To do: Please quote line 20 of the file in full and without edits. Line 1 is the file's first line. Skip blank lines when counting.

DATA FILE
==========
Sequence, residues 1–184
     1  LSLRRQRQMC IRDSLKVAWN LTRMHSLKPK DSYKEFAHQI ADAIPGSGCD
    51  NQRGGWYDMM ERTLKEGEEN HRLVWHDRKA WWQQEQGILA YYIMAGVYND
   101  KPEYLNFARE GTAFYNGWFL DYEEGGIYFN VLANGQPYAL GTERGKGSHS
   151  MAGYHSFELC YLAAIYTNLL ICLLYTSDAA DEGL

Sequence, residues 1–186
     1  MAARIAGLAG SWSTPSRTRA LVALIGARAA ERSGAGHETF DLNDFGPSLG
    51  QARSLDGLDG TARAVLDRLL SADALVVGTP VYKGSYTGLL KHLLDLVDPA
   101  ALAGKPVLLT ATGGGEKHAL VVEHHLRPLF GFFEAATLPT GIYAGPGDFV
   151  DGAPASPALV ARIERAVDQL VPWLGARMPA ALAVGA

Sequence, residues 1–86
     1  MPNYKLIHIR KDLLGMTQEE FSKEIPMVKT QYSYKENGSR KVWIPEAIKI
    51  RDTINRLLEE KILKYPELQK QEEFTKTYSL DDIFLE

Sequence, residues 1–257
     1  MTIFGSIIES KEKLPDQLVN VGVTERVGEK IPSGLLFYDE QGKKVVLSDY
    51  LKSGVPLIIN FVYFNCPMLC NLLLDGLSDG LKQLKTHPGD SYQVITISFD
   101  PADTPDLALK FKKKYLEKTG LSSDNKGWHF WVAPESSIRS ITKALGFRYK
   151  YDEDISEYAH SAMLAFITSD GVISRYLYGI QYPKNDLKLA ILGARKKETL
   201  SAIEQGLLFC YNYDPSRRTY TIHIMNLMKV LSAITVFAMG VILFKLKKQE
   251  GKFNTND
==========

   251  GKFNTND